EXTENDED THROUGH DEC. 21!
The cast of the Magic Theatre’s Evie’s Waltz includes, from left, Marielle Heller, Darren Bridgett and Julia Brothers. The Carter W. Lewis play continues through Dec. 7. Photos by www.davidallenstudio.com.
Tension mounts in Lewis’ modern `Waltz’
Carter W. Lewis’ Evie’s Waltz, now at San Francisco’s Magic Theatre, is a tense, frightening thriller that dredges up provocative issues about life in 21st-century America.
The fact that the 90-minute play is so uncomfortable – I can’t remember sweating so much during a play, and it wasn’t the unseasonably warm weather – is a testament to how well the show is produced.
Magic artistic director Loretta Greco, in her first directorial outing since joining the theater, has cast the show brilliantly and guides her trio of actors through Lewis’ taut, fraught examination of guns, teens and the detonation of the nuclear family.
Erik Flatmo created the patio set on which the play takes place, and from what we can see, this is a gorgeous suburban home surrounded by woods and upper-middle-class affluence. We can only peek into the house itself, but we can tell it is well appointed in every way, as are its inhabitants, Clay (Darren Bridgett) and Gloria (Julia Brothers), who dress nicely even for an informal early autumn barbecue on the deck (costumes are by Fumiko Bielefeldt).
York Kennedy’s lighting design takes on extra importance in Lewis’ story. The warm, inviting early evening light gives way to looming night in the real time of the play, and the darkness is significant in many ways. Kennedy’s lighting design (with assistance from Sara Huddleston’s Strauss-infused sound design) also has some chilling, highly theatrical surprises that remind us just what’s at stake here.
What begins as another white suburban angst drama – Clay and Gloria’s 16-year-old son, Danny, was suspended that morning for bringing a gun to school – turns into a mystery and then an outright thriller.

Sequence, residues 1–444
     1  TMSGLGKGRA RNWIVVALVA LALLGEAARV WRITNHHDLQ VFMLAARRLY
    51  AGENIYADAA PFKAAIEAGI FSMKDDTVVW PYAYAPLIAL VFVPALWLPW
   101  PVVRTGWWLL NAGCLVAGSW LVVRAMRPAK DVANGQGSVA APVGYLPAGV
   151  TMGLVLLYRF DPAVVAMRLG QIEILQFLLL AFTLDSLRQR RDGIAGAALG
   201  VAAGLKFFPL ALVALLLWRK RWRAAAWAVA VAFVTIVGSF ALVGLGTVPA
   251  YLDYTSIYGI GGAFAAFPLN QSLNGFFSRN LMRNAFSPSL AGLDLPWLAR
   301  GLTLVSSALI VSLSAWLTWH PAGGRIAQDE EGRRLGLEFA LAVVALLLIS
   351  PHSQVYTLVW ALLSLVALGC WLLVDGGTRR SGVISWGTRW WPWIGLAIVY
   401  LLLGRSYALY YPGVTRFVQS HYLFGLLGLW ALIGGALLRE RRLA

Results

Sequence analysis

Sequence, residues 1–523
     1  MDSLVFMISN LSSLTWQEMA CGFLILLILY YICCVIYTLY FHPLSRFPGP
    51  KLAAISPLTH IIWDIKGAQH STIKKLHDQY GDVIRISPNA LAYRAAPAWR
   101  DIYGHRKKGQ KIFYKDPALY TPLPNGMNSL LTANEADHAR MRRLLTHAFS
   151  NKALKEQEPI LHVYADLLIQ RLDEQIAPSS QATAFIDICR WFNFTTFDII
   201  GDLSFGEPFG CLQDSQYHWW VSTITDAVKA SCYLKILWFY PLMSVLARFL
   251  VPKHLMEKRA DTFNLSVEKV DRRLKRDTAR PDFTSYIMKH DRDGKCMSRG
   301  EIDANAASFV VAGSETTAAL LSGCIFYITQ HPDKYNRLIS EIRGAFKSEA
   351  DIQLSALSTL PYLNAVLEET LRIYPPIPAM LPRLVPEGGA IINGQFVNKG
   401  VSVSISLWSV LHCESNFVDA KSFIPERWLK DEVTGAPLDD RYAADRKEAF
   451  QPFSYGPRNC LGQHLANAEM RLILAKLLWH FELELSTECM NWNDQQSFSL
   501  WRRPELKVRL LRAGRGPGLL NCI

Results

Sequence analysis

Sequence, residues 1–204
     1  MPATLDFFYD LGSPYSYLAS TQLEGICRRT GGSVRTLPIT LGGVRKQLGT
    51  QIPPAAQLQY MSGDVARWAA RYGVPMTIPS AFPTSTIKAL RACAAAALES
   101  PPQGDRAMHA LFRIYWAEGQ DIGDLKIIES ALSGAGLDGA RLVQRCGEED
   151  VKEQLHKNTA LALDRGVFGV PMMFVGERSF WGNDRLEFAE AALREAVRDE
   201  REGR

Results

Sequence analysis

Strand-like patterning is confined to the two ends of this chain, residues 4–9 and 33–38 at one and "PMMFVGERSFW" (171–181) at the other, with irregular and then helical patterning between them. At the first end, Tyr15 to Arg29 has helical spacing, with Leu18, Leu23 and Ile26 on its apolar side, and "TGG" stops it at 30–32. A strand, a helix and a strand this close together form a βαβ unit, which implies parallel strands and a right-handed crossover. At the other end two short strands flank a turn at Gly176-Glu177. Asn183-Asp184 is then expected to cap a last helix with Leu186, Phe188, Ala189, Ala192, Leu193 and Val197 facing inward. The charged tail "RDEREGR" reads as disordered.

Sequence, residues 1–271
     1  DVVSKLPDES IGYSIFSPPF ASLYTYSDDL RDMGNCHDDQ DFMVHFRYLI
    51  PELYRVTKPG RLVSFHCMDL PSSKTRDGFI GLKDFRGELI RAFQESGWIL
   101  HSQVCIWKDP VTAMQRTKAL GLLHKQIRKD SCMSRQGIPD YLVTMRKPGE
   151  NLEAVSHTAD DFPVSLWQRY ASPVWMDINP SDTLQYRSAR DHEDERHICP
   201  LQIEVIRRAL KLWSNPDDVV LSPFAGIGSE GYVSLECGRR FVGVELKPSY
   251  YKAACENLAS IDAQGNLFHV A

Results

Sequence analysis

Clay emerges as the bleeding heart of the family. As he skewers vegetables and brushes them with his soy-citrus marinade, he defends Danny, while Gloria, sipping from her gin and tonic, declares that the boy upstairs in his room is no longer her son. “I want to smother him in his sleep,” she declares.
Then Evie (Marielle Heller), daughter of a hard-drinking single mother in the neighborhood and Danny’s girlfriend, arrives. “Mom’s drunk, so I came instead,” Evie says, just before Gloria and Clay notice the blood on her shoulder.
The tension ratchets up from there as deceptions and plans are revealed, and ghosts of Columbine and random acts of teen violence flood the stage.
Who’s to blame for teen violence? Is it the parents or the parents of the parents? And can a parent really stop loving a child? Lewis doesn’t have any answers, but he creates interesting questions. He shades his female characters beautifully – both Gloria and Evie are far more complex than they first seem – but he doesn’t let Clay develop much beyond the big-hearted, caretaker he appears to be.
That said, the performances are outstanding. Brothers brings incredible depth to Gloria, a smart, mean woman whose plan to be an incredible mother didn’t quite pan out. There’s bitterness and tenderness in her, and it’s an extraordinary thing to watch her succumb to the power of the teenagers she loathes.
Bridgett takes Clay to a powerful emotional level even as the character attempts to put a positive spin on a situation that couldn’t possibly end well. His capacity for denial is immense, but so is his need to be a good father.
Heller has the hardest of the three roles because playing a loose canon 16-year-old and making the audience care about her is a tall order. Heller does it but never without letting us forget that, even with her considerable brains and bruised humanity, Evie is someone we need to fear.
I have rarely been so uncomfortable watching a play as I was during Evie’s Waltz. Fully recognizing how extraordinarily well produced, written and acted it was, I honestly couldn’t wait for it to be over.
FOR MORE INFORMATION:
Evie’s Waltz continues through Dec. 21 at the Magic Theatre, Building D, Fort Mason Center, Marina Boulevard at Buchanan Street, San Francisco. Tickets are $40-$45 ($15 for students). Call 415-441-8822 or visit www.magictheatre.org.
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I can’t image what parents with teen ager children must have been going on in their mind watching this tense production. Julia, Darren and Merielle gave brilliant performances.
I talked to the playwright after the show. He said the New Jersey Repertory Company will be doing a production of the drama.